Further addressing the Saudis’ sense of independence and pride, Rundell emphasised that “the Saudis acted in what they believed to be their self-interest. They’ll do it once again. They’ll only grow closer to China and Russia, which is already happening if the United States tries to penalise or isolate them.”

I agree with Rundell that it would be a mistake for the Biden administration to take any significant punitive measures against the Saudis because doing so would only worsen their bilateral relationship at a compassionate time, even though it is necessary to reevaluate the US-Saudi relationship in light of what happened. The goal is “not to destroy the relationship, but to recalibrate,” Secretary of State Anthony Blinken said last year.

I think that some Democratic senators, such as Robert Menendez, the chairman of the Senate Foreign Relations Committee, stated that he would propose a halt to “any cooperation with Riyadh until the Kingdom reassesses its position concerning the war in Ukraine,” adding, “enough is enough,” and others, such as Senator Richard Blumenthal and Rep. Ro Khanna, who introduced a bill to “immediately pause all US arms sales to Saudi Arabia,” are going far.

Other Democrats are calling for more moderate steps, like keeping intelligence secret, not selling weapons, limiting access to financial markets, cutting back on some parts of military training, and putting off important development projects.

This may seem like the only way to convey to Saudi Arabia our anger, but it will still send the incorrect message.

Both countries should avoid playing a game of cat and mouse that would primarily help Russia and China, given how meaningful their relationship is to each other and how it affects security in the region.

Even though Saudi Arabia depends a lot on the US for military equipment and security guarantees, it is essential to note that the Saudis believe they have been giving back all along by supporting regional stability, working hard to end the Israeli-Palestinian conflict, working with the US to fight terrorism, and letting the US keep a military presence on their land.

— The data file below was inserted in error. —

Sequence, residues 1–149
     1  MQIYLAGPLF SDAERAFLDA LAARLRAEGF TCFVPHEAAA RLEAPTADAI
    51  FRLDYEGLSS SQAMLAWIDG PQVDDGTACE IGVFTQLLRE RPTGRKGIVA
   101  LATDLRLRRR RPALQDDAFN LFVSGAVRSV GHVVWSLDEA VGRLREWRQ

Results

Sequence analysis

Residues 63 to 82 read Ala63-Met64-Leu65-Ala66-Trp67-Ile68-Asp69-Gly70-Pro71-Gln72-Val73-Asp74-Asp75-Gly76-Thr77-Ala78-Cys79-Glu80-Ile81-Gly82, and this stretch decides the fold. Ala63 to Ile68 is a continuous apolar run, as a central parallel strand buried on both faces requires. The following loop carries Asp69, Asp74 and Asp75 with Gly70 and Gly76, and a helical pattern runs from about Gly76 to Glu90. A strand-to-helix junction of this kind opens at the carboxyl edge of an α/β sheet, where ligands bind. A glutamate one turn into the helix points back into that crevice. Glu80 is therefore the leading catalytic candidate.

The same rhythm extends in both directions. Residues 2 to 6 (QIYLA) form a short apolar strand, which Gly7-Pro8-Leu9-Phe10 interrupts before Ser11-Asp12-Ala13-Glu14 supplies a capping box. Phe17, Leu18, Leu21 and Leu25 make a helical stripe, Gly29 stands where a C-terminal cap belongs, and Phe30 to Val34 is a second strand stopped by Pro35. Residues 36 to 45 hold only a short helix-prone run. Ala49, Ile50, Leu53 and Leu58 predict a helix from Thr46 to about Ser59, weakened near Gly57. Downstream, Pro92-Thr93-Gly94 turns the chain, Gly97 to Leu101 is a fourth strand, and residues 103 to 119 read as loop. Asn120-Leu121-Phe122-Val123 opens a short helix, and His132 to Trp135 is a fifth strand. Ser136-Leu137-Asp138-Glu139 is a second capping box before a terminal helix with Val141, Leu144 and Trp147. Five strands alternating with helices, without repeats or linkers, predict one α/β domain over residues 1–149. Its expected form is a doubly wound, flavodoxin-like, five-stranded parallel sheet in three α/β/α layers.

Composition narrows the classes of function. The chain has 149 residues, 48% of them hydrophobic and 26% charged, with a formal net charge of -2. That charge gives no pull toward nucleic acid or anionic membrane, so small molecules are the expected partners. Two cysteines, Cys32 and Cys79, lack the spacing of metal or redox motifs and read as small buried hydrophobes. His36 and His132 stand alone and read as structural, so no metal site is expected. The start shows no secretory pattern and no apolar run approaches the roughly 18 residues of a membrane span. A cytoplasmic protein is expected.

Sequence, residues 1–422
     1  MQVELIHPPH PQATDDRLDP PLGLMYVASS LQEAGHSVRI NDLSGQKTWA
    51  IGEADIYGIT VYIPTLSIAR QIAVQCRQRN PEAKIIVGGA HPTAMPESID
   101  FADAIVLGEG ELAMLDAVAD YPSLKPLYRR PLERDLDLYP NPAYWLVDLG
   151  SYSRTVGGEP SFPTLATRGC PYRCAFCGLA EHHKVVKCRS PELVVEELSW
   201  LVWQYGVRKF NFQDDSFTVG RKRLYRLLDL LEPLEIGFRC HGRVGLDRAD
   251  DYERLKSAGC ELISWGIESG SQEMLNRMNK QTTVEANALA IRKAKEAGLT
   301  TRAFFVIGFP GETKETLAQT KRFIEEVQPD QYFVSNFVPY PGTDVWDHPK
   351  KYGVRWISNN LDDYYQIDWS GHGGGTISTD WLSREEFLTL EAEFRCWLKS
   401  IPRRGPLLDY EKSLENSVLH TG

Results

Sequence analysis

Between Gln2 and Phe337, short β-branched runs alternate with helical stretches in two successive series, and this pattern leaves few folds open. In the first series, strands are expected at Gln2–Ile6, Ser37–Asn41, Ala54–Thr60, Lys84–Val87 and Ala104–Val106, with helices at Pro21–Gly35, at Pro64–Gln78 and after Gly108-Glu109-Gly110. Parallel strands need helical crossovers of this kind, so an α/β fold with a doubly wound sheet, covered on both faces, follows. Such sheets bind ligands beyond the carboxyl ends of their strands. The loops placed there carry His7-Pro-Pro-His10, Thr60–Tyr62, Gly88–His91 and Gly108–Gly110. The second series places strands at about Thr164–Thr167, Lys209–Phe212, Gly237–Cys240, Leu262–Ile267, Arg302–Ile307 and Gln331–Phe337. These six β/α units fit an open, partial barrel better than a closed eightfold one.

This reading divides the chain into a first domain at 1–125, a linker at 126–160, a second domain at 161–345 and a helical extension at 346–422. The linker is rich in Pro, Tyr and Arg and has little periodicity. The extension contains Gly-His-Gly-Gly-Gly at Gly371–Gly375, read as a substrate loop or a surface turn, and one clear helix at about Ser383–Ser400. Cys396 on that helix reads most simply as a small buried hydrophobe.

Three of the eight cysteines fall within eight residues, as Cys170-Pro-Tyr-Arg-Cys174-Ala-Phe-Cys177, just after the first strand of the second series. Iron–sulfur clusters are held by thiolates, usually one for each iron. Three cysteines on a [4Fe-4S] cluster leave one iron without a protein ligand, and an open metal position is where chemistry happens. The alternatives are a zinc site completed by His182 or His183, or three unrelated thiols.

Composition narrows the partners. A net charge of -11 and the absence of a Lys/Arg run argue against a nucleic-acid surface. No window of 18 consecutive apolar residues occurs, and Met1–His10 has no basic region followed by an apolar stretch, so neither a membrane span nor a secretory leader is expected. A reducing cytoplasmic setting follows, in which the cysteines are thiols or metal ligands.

Also, the Saudis continue to trade oil for dollars, which keeps the dollar value high, and they have worked to make Islam more tolerant.

The US and Saudi Arabia also have fundamentally different views on why they want to reduce oil production. They believe that commercial concerns solely drive their actions.

They say that even if oil production drops by 2 million barrels per day, prices will still be between $80 and $90 per barrel, much less than the recent high of $130 per barrel. They intended to lower oil production to raise prices.

The Saudis perceive it as a business choice with no political overtones. Despite how phoney this may appear, there is a financial benefit for them; it was just the timing of the cut that many American officials found troubling.

I think that the Biden administration shouldn’t take any punitive actions against Saudi Arabia, especially before the midterm elections, which give everyone a chance to calm down. The Biden administration should then get in touch to resolve their differences behind the scenes.

Both sides must stop blaming each other publicly because they know their relationship’s meaning, especially at this time. These actions would only serve to strain their connection further.

Since Biden recently said that China and Russia are the US’s enemies, the ongoing conflict between the US and Saudi Arabia would only help Russia and China in their efforts to split the two allies.

Although the Saudis may appear to be placated, they are not. Any disagreement between allies must be resolved via open communication and conversation, regardless of who is in the right or wrong—and in this situation, all parties are equally at fault.

Now is the time for Saudi Arabia and the US to show that their partnership can and will last, given that they have been friends and have worked well together for over 70 years.

Analysis by: Advocacy Unified Network